Ahmed Hussen, Liberal Member of Parliament for York South-Weston

Somali Canadian Ahmed Hussen, a lawyer, has served as Member of Parliament for the riding of York South-Weston since 2015. From 2017, Ahmed served as the Minister of Immigration, Refugees, and Citizenship. In 2019, he was appointed as Minister of Families, Children and Social Development.

About York South Weston: According to DiversityVotes.ca, the population of the federal riding of York South Weston is 116,686. Immigrants make up 52% of the population and visible minorities 55%. The top four visible minority communities in the riding identify as Black, Latin American, Filipino, and South Asian. The top four languages spoken in the riding after English and French are Portuguese, Spanish, Italian, and Vietnamese. The countries of origin of immigrants in this federal riding include Portugal, Jamaica, Italy, and the Philippines.

Majid Jowhari, Liberal Member of Parliament for Richmond Hill

Iranian Canadian Majid Jowhari was elected as the Member of Parliament for Richmond Hill in 2015.

About Richmond Hill: According to DiversityVotes.ca, the population of the federal riding of Richmond Hill in Toronto is 110,177. Immigrants make up 60% of the population and visible minorities 62%. The top four visible minority communities in the riding identify as Chinese, West Asian (Iranian), South Asian and Korean. The top four languages spoken in the riding after English and French are Cantonese, Mandarin, Persian and Russian. The countries of origin of immigrants in this federal riding include China & Hong Kong, Iran, Italy, and South Korea.

According to the research of Pakistani Canadian Daood Hamdani in “Canadian Muslims: A Statistical Review“, the federal riding of Richmond Hill has a population where over 10% of people identify as Muslim.

Iqra Khalid, Liberal Member of Parliament for Mississauga-Erin Mills

Pakistani Canadian Iqra Khalid served as Member of Parliament for Mississauga—Erin Mills since 2015. She chairs the Standing Committee on Justice and Human Rights and as a member of the International Human Rights Subcommittee. She serves as Chair of the Liberal Women’s Caucus and the All-Party Women’s Caucus.

About Mississauga Erin Mills: According to DiversityVotes.ca, the population of the federal riding of Mississauga Erin Mills in Toronto is 122,560. Immigrants make up 55% of the population and visible minorities 64%. The top four visible minority communities in the riding identify as South Asian, Chinese, Arab and Black. The top four languages spoken in the riding after English and French are Urdu, Mandarin, Arabic, and Cantonese. The countries of origin of immigrants in this federal riding include Pakistan, India, China, and the Philippines.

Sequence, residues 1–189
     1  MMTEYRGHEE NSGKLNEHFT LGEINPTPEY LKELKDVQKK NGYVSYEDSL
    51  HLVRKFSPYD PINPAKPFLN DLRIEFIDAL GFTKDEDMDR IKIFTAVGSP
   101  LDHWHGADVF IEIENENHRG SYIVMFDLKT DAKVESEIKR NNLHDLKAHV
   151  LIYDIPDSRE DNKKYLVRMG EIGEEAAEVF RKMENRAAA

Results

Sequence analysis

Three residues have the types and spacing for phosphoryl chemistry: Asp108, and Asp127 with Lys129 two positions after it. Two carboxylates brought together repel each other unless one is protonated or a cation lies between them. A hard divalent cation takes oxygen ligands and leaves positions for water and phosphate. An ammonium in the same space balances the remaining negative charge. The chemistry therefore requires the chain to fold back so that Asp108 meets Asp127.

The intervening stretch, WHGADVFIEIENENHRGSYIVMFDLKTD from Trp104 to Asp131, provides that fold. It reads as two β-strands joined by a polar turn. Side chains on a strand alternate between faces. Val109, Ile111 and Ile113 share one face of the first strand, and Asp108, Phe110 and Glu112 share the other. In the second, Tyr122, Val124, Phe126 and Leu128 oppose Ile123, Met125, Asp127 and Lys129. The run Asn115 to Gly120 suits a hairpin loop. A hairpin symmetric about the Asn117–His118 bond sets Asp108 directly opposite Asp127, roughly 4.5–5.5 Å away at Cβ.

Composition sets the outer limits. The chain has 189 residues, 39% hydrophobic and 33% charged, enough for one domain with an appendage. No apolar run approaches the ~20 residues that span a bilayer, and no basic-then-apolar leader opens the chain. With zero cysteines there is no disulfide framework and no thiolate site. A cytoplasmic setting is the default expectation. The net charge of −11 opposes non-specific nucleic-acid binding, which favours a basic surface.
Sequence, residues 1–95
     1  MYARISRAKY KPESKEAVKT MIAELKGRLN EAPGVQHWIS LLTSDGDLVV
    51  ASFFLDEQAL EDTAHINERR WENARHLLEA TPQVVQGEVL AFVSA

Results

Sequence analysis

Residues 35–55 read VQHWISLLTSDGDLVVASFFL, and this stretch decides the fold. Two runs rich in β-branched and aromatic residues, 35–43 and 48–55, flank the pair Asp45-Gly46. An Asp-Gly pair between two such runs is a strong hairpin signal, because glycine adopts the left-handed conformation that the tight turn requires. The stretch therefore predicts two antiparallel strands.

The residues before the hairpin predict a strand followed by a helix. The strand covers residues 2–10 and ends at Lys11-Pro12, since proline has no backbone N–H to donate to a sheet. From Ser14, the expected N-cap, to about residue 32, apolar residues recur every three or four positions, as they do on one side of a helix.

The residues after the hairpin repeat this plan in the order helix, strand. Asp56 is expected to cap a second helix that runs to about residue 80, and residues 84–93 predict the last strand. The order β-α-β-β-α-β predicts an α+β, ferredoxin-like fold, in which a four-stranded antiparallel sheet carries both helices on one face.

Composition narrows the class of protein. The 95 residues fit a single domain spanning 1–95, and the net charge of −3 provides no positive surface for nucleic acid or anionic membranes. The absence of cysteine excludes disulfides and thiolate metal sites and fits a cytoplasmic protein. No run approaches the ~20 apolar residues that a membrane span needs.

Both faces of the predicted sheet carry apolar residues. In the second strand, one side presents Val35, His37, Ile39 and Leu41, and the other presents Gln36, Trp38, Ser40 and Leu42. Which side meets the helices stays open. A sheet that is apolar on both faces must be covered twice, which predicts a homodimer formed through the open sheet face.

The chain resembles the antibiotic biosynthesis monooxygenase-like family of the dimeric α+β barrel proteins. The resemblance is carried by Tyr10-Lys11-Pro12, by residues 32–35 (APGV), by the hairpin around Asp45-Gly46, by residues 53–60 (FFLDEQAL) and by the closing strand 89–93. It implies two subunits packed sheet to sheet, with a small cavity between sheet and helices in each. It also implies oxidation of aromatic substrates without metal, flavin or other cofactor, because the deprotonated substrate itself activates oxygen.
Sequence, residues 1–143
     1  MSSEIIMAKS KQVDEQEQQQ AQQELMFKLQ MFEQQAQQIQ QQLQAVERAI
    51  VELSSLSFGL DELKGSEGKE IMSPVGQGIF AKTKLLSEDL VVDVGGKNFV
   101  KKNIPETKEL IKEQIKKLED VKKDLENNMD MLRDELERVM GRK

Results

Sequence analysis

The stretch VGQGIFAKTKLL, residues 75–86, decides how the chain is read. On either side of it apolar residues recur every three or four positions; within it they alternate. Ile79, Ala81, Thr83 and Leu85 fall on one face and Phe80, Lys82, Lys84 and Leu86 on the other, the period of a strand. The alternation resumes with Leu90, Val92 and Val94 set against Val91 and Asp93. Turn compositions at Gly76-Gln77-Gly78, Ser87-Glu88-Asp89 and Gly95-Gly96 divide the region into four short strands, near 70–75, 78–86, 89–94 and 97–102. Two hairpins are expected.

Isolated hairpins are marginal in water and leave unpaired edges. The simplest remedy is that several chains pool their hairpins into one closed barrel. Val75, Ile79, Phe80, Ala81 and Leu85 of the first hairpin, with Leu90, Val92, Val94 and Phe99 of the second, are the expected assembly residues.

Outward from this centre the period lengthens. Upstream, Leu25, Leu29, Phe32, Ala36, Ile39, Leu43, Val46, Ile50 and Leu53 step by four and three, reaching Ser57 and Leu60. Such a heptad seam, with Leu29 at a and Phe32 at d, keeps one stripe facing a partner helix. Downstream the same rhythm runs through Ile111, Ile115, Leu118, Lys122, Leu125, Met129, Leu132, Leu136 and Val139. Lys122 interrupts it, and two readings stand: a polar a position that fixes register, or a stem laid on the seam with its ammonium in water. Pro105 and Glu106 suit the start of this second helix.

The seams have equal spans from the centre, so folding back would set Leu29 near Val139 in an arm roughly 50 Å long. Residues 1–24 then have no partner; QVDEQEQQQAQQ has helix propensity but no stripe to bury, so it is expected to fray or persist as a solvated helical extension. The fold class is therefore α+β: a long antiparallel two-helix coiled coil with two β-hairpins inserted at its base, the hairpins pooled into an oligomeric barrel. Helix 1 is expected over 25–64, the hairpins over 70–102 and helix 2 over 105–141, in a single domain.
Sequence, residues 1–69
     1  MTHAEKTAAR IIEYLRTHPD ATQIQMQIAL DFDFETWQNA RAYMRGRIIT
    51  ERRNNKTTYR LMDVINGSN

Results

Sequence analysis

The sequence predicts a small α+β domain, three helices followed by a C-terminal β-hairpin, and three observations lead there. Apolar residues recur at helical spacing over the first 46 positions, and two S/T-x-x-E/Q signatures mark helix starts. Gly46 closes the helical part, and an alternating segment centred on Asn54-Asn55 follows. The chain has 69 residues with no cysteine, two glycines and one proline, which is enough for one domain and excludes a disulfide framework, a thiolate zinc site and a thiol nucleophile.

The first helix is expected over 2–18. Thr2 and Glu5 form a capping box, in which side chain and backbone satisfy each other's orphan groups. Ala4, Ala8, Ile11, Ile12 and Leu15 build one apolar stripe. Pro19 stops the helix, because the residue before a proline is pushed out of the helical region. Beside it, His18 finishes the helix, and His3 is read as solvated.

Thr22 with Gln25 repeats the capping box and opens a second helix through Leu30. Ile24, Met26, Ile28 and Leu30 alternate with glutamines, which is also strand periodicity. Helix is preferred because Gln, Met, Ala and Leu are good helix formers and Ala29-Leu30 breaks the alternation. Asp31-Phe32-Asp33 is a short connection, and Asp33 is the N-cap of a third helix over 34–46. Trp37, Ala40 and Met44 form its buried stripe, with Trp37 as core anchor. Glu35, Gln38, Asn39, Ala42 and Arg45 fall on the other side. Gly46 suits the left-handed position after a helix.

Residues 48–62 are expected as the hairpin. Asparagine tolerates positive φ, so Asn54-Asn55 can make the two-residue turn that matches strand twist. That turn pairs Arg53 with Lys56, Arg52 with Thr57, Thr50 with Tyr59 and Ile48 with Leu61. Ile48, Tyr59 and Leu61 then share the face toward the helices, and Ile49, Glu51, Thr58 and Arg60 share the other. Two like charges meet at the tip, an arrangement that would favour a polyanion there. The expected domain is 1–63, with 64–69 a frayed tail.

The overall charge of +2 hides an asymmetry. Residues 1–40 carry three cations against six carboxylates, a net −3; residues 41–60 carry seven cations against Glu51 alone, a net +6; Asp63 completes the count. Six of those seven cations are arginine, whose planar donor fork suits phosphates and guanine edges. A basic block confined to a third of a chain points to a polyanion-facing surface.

According to the research of Pakistani Canadian Daood Hamdani in “Canadian Muslims: A Statistical Review“, the federal riding of Mississauga Erin Mills has a population where over 10% of people identify as Muslim.

Yasir Naqvi, Liberal Member of Parliament for Ottawa Centre

Pakistani Canadian Yasir Naqvi was elected as Member of Provincial Parliament for Ottawa Centre in October 2007. He was re-elected in 2011 and 2014. He served as the Attorney General of Ontario, Government House Leader, Minister of Community Safety and Correctional Services, and Minister of Labour. 

According to DiversityVotes.ca, the population of the federal riding of Ottawa Centre is 118,038. Immigrants make up 20% of the population and visible minorities 20%. The top four visible minority communities in the riding identify as Chinese, Black, South Asian, and Arab. The top four languages spoken in the riding after English and French are Mandarin, Arabic, Cantonese, and Spanish. The countries of origin of immigrants in this federal riding include China, India, the United States, and the Philippines. 

Taleb Noormohamed, Liberal Member of Parliament for Vancouver-Granville

Taleeb was a senior official in the federal government (2002 to 2007), which included establishing the Cross-Cultural Roundtable on Security. He served as Director of the Air India Review Secretariat and Special Advisor to the Hon. Bob Rae. He is CEO at an online marketplace for apparel and home goods.

About Vancouver-Granville: According to DiversityVotes.ca, the population of Vancouver-Granville is 103,456. Immigrants make up 41% of the population and visible minorities 48%. The top four visible minority communities in the riding identify as Chinese, Filipino, South Asian, and Japanese. The top four languages spoken in the riding after English and French are Mandarin, Cantonese, Tagalog, and Japanese. The countries of origin of immigrants in this federal riding include China, Hong Kong, Taiwan, the Philippines, the United Kingdom, and South Korea.

Arif Virani, Liberal Member of Parliament for Parkdale–High Park

Ugandan Asian Canadian Arif Virani served as Member of Parliament for Parkdale–High Park since 2015. He was an analyst with the Canadian Human Rights Commission and as an assistant trial attorney at the United Nations International Criminal Tribunal for Rwanda. He founded the South Asian Legal Clinic of Ontario (SALCO).